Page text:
Capital Markets have a tendency to lead or follow, but very rarely to simply reflect, economic reality. The situation in the U.S. is no different. Following a market bottom in the spring of 2009 both equity and debt markets staged a tremendous recovery (now slipping on well-justified fears). Sadly, in the case of the U.S., the recovery has far outstripped underlying facts on the ground.
There is a growing case to be made that the U.S. will experience a double-dip recession in the near to mid-term.
1. Revenue Challenges
- A recent study of over 3,000 U.S. companies with market capitalizations over $50 million by Georgia Tech professor Charles Mulford found average YoY revenue growth of less than 1%. The dirty secret of the U.S. economy, which any middle market lender or investment banker will tell you, is that once you scrub away the revenue pop that many companies saw coming off a truly atrocious ’09 (in some part simply survival bias, as many companies found themselves with a few less competitors due to the severity of the last recession), sales growth has been an enormous challenge.
2. Government Fiscal Strain
- Spending cuts at the federal level, combined with severe fiscal stress at the state and municipal levels will continue to present economic headwinds for the U.S. Regardless of political affiliation, the fact is that reducing government spending in an environment of low corporate growth will further depress economic activity.
3. Disheartening Economic News
- The polite summation of the latest Beige book from the Federal Reserve is that indicators are negative and worsening. It is hard to find much to be bullish about when the situation continues to deteriorate.
4. Credit Market Risks
- Many have pointed to the health of the bond and syndicated loan markets as signs of overall economic health. My read is different. These markets recovered quickly because one of the first steps the government took was to recapitalize the banking system. While community banks continue to struggle regional and multi-national lenders are now competing vigorously for lending opportunities, and the supply of lenders (and money to be lent) currently exceeds demand, which is forcing lenders to accept increasingly aggressive pricing and terms or lose out on deals.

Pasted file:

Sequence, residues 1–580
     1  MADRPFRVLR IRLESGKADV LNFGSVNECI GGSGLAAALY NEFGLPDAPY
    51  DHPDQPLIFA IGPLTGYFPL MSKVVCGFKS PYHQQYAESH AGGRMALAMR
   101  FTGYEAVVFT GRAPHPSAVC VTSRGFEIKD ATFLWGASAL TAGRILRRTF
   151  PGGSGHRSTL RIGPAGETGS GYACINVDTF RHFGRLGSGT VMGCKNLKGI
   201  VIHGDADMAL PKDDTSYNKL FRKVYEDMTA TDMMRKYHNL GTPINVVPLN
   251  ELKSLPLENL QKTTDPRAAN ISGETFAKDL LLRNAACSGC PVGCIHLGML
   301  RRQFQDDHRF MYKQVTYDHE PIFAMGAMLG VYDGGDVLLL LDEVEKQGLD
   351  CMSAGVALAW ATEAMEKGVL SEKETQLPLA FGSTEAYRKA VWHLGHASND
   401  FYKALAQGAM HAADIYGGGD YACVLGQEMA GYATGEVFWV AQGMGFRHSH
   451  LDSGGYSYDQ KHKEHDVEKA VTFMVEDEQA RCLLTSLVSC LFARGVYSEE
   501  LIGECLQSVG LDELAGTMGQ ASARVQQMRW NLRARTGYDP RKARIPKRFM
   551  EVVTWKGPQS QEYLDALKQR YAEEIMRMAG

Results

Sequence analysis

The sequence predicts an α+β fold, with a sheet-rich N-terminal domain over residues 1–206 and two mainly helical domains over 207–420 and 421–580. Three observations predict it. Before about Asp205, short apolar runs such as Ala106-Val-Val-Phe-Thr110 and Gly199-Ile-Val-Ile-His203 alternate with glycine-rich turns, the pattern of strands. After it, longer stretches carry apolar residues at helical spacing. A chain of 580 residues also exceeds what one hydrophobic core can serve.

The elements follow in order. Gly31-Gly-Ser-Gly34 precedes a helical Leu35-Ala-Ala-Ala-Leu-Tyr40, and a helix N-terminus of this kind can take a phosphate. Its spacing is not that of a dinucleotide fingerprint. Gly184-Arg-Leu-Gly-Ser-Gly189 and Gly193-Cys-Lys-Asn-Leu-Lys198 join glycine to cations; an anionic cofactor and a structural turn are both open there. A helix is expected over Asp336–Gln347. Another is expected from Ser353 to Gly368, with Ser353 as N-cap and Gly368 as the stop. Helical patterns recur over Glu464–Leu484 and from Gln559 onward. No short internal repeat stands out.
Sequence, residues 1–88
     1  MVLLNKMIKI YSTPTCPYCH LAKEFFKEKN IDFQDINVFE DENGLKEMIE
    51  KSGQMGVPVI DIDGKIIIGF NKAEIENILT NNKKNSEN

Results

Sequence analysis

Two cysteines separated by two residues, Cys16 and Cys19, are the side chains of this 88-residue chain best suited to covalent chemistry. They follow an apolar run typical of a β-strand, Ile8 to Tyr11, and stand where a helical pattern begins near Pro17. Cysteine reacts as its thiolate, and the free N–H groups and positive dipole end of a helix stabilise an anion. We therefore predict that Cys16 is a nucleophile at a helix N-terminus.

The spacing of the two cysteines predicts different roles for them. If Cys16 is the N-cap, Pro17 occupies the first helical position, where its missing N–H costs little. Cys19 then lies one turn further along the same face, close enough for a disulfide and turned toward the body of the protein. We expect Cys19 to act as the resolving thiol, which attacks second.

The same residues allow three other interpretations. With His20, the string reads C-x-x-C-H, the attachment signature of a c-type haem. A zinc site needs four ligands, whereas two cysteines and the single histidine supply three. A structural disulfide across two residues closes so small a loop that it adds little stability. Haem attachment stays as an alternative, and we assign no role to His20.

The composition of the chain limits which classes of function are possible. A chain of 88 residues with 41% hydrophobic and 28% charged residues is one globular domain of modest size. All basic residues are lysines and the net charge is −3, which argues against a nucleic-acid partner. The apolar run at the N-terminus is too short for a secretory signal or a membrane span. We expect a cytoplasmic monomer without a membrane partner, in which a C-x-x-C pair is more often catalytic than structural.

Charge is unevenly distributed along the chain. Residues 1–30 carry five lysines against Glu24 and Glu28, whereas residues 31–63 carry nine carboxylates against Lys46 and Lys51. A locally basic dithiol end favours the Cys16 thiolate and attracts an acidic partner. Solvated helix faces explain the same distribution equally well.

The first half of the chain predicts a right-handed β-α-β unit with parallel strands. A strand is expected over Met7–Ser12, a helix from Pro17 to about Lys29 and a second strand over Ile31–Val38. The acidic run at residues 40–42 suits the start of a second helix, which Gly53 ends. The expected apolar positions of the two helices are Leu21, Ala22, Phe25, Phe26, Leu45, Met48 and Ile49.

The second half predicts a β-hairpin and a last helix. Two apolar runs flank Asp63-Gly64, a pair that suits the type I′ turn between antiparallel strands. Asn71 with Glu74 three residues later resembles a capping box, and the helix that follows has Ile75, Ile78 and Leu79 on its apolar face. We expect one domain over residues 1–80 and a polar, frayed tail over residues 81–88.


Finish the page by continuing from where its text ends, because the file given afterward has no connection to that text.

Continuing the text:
- This artificial situation is inherently unstable. Shocks from an eventual downgrade of the U.S., the emerging sovereign debt crisis in the euro zone or the continued fiscal stress of U.S. states and municipalities would likely reverberate throughout the credit markets, leading to a severe curtailment of risk appetite.
The natural pro-cyclical bias in business reporting often manifests itself in a continual search for signs of recovery following periods of economic downturn. Generally optimists, even those who are somewhat premature, will be rewarded for their efforts. But the severity and nature of the 2008-9 recession argues for a more cautious approach. The current economic situation is far too tenuous, and there are far too many risk factors, to permit a sanguine assumption that our troubles are behind us.
About the author:
David Johnson is a partner with ACM Partners, a boutique financial advisory firm providing due diligence, performance improvement, restructuring and turnaround services to companies and municipalities. He can be reached at 312-505-7238 or at email@example.com.